For the Feedback group, the driving-specific feedback emphasized the role of preventive rather than reactive driving with the intention to increase mirror and blind spot inspections prior to changing lanes. The information provided was inspired from the Risk Awareness and Perception Training Program [23-26]. To provide driving-specific feedback, a custom software module allowed video information and vehicle data to be displayed synchronously (e.g., position and speed as well as a display of the position of the vehicle on a map) with fast forward, playback, and zooming functions. Figure Figure22 depicts an example of the display presented to drivers. It has been observed that older drivers adopt a perceptual narrowing strategy while driving [4,13,27,28]. To specifically work on this sub-optimal strategy, a specific feature implemented in the software allowed highlighting the importance of visual inspections (with or without head movement) in order to improve visual search strategies. As an example, instructions were given on the importance of checking the blind spot prior to changing lanes. When inappropriate strategies were observed, the researcher demonstrated the proper response and used the software for displaying the driver's own at-risk response (eye/head movements, scenario and vehicle kinematics). Thereafter, he invited the participant to drive over the particular sections of the scenario where the errors occurred. These additional feedback sessions specific to the Feedback group added about 15 minutes to each training session. These sessions (driving-specific feedbacks) were offered to participants in the Control group after completion of the study (after session 5).
Voluntary range of motion of the neck. Data for the range of motion were submitted to a Group (Control, Feedback) by Side (Left, Right) analysis of variance (ANOVA) with repeated measures on the last factor.
Frequency of inspections. For each on-road lane change, 20 seconds of data were extracted from the records; 15 seconds prior to the initial displacement of the vehicle towards the target lane and 5 seconds after this initial displacement . In prior experiments, it was observed that inspection of the mirrors and blind spots occurred as early as 15 sec before the onset of the lateral movement of the car [10,13]. Video streams of the head and the forward view from the vehicle were observed simultaneously frame by frame to document visual inspections towards five specific regions of interest (ROI: 1) forward view, 2) odometer, 3) rearview mirror, 4) external mirrors and 5) blind spots). Inspections of the 5 ROI required distinctive eye-head responses. Straight ahead gaze with little or no head movements were classified as inspections of the forward view; downward eye and head movements were classified as inspections of the odometer; oblique and upward eye and head movements were classified as inspections of the rearview mirror; left or right and downward eye and head movements were classified as inspections of the external mirrors; finally, blind spot checking was characterized by large eye and head movements towards the left or right.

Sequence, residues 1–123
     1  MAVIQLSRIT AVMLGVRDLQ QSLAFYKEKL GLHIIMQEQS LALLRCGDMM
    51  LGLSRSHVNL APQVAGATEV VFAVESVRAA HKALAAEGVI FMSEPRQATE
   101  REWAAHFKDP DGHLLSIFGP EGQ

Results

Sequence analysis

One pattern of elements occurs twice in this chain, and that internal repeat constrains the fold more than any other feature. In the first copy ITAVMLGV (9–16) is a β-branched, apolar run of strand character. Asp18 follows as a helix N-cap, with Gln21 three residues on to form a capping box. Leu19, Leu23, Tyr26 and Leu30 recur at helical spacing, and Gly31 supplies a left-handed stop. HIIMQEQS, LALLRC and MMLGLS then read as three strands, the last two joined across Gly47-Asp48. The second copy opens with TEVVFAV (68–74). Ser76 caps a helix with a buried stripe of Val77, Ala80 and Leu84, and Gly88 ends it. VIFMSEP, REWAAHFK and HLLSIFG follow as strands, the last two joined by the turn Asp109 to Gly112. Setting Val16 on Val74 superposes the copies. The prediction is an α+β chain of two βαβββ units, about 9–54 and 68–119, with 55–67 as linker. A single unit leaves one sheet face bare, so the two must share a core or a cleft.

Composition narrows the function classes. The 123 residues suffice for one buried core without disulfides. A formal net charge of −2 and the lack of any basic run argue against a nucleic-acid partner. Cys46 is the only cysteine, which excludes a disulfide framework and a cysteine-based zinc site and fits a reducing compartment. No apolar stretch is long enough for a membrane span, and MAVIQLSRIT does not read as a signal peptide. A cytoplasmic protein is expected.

For each driver, the mean frequency of visual inspection to the rearview and external mirrors and the blind spot was calculated. If a visual inspection was made toward these ROI during the 20 sec interval, a value of one (1) was assigned to the ROI and (0) otherwise. Frequency was then calculated for each driver from the sum of the inspections divided by the number of lane changes. This measure corresponds to the probability of occurrence of an inspection to a given ROI and is an indication of the use of mirrors and blind spot during lane changes . Since we are mainly interested in how individuals evaluated their driving environment while changing lanes, the forward view and odometer ROI were not considered. To determine if driving-specific feedback and active practice could alter the visual search strategy, frequency data were submitted to a Group (Control, Feedback) by Visit (Pre-training, Post-training) by ROI (Rearview mirror, External mirror, Blind spot) analysis of variance (ANOVA) with repeated measures on the last two factors. Late verifications of the blind spot have been reported by Lavallière et al.  in an earlier simulator study. A delayed verification to the blind spot, after the onset of the maneuver, is an ineffective visual inspection since it puts the drivers in a reactive rather than in a preventive mode. In order to determine when the information was extracted, the time stamp of each inspection of the blind spot with respect to the initial displacement of the vehicle was noted. For each group, frequency of verification of the blind spot was computed for 5-s temporal bins (15 seconds prior to the onset of the maneuver to 5 seconds after the onset of the maneuver). Positive values indicate that a visual inspection followed the onset of the lane change whereas negative values indicate that the visual inspection preceded the onset of the lane change.
All participants completed the program in less than two weeks (on average, 9.5 and 11.4 days for the Control and Feedback groups, respectively). A t-test showed that this difference was not significant (p > 0.05). No difference was found between the two groups concerning items on driving and general health conditions. All older drivers scored 27 or higher on the MMSE  and reported similar distance driven in the previous year (i.e., approximately 100 km per week). The voluntary range of head rotation was similar in both groups (F(1,18) = 1.22, p > 0.05). The interaction of Group by Side was not significant (F(1, 18) = 0.84 p > 0.05) and, for both groups the maximal amplitude of rotation to the right was greater than to the left (on average, 52.3 vs. 45.5 degrees, respectively) (F(1, 18) = 16.68, p < 0.001). Moreover, none of the drivers reported difficulty to turn their head and torso or reported neck or torso pain that would have restricted head movements. Table Table11 provides a summary of these results.